Even in the face of economic pressures, consumers are leaning into experiences and prioritizing essential goods now more than ever.
A new Mastercard study on consumer spending preferences found that despite heightened logistical challenges and price pressures, global consumer flight bookings between the months of May and August of this year were 15% above 2019 levels.
Spending at restaurants rose 25% this year compared to the same time in 2021, while grocery spending—primarily fueled by food inflation—was up 14%.
The study also found that certain habits and preferences that consumers developed during the pandemic have seemingly stuck. For example, online grocery spending is 70% higher than before the pandemic began.
And with work from home still being very much a preference and necessity to many, there are no longer any designated days when consumers spend more. For example, “date night” is now any night of the week instead of a Friday or weekend night. Similarly, a movie night at the theater is now a weekday activity, specifically Thursdays and, to a lesser extent, Mondays too.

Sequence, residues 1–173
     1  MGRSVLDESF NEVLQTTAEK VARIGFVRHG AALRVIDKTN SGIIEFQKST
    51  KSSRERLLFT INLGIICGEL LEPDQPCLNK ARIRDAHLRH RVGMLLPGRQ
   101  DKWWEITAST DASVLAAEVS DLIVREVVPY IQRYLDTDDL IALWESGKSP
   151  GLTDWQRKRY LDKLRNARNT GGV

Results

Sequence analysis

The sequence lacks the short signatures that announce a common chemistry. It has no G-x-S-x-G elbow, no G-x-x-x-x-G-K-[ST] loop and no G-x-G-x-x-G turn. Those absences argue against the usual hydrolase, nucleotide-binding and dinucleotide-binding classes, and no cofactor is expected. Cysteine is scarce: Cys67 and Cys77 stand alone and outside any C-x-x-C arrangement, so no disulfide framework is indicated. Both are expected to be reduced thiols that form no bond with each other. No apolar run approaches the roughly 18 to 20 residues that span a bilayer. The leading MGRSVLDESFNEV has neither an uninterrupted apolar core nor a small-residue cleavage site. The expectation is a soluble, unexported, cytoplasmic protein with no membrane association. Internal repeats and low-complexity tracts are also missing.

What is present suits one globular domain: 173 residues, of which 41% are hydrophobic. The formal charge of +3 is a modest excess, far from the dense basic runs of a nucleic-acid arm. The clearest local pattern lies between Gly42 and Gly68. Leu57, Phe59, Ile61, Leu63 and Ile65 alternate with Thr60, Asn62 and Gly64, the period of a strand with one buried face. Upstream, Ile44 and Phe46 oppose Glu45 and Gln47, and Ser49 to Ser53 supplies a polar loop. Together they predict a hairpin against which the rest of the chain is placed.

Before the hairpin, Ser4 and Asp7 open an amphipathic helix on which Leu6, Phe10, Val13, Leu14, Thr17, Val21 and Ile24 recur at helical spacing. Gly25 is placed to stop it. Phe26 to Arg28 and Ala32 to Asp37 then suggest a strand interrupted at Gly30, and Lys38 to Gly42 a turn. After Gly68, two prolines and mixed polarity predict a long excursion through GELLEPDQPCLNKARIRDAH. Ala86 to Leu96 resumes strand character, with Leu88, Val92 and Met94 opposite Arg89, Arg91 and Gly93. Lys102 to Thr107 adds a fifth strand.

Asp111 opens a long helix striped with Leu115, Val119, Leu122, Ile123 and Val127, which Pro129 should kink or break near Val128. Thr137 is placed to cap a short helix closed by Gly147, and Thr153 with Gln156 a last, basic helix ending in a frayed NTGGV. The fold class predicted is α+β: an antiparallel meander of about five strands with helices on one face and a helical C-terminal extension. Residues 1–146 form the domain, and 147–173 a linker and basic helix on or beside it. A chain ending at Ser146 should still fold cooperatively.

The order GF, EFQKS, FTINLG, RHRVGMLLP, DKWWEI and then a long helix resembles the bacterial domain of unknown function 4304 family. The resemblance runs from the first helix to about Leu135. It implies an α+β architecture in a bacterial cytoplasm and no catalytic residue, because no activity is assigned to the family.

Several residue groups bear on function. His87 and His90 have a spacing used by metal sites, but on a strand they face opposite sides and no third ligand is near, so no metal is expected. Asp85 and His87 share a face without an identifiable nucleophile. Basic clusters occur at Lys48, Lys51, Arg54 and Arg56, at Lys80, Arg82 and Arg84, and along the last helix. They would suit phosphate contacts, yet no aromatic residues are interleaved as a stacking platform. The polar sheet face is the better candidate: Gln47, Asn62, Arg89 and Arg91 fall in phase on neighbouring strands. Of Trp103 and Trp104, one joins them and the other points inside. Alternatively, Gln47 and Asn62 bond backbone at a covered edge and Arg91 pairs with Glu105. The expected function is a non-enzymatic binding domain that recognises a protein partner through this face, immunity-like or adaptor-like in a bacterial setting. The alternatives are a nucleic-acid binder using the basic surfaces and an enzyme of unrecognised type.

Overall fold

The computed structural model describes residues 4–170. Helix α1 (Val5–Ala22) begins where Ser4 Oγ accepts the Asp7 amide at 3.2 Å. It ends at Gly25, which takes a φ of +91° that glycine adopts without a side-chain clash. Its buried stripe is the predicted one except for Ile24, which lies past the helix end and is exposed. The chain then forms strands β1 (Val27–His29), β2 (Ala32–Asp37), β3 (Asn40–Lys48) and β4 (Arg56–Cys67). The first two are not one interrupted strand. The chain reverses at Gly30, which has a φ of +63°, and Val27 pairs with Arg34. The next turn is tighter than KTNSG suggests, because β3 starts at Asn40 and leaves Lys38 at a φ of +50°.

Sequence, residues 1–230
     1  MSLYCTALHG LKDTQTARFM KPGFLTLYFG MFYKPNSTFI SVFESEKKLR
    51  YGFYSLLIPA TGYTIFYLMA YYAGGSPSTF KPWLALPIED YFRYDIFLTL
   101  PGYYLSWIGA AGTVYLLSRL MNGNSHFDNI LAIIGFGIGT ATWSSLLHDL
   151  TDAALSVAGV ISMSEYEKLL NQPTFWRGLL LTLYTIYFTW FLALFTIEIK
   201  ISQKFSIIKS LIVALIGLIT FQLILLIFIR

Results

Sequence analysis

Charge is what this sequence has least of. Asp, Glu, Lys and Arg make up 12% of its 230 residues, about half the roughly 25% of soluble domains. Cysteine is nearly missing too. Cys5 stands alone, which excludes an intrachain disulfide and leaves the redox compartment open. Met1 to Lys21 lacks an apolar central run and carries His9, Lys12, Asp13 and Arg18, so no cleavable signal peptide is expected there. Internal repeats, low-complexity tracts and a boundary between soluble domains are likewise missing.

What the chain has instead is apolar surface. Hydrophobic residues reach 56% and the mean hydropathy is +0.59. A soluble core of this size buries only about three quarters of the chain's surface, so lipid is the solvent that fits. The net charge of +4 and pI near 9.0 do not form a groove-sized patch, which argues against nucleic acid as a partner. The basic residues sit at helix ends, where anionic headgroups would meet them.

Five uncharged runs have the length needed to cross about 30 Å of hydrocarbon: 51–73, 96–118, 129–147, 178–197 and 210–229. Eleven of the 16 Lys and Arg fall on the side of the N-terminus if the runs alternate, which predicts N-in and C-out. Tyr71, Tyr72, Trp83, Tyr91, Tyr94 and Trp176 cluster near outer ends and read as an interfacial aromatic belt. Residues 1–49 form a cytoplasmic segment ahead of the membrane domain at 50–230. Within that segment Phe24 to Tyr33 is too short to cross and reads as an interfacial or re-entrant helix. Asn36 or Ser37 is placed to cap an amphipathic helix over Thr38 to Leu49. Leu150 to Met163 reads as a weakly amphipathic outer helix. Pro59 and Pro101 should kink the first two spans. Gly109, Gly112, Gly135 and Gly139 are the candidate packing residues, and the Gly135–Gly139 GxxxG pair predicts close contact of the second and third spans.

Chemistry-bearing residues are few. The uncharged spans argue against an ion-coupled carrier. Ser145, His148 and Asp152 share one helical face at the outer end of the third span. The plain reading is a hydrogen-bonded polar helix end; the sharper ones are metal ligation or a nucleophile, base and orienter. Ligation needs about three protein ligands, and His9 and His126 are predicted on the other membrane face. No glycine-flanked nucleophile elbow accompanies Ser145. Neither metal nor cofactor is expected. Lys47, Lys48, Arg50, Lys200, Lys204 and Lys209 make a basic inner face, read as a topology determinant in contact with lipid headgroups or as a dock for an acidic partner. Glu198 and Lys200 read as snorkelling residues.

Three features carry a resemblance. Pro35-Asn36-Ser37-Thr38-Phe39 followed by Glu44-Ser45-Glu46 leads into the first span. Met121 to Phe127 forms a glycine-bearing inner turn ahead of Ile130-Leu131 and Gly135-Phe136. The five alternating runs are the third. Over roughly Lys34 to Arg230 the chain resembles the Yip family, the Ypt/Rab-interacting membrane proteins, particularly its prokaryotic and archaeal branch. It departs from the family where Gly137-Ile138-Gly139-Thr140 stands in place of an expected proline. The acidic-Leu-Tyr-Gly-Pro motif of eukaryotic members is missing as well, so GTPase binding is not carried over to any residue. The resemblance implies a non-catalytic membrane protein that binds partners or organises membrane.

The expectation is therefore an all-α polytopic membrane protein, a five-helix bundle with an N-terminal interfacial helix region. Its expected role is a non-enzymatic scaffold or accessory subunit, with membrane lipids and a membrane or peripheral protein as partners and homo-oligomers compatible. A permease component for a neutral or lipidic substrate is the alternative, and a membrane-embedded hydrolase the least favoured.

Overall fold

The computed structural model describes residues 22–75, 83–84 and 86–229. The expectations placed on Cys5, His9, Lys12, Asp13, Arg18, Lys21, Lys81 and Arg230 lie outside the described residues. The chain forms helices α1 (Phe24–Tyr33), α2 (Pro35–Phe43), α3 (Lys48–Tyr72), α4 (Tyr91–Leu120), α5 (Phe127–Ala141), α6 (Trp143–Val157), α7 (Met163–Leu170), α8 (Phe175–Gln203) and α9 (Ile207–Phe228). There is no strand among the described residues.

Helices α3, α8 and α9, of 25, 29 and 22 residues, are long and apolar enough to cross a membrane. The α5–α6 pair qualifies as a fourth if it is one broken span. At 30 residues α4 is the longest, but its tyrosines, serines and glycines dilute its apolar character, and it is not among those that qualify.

This shift has had significant staffing and supply chain implications for retailers, restaurants and other businesses. Case in point: Roughly 5% of total weekend spending at department stores globally has shifted into the weekday, representing approximately $22.3 billion of global department store sales.
“The shifts in spending preferences come as consumers settle in to a new rhythm,” said Bricklin Dwyer, Mastercard chief economist and head of the Mastercard Economics Institute. “Despite contending with rising prices, interest rates and growing economic uncertainty, consumers continue to evaluate their spending habits based on what works best for their lives.”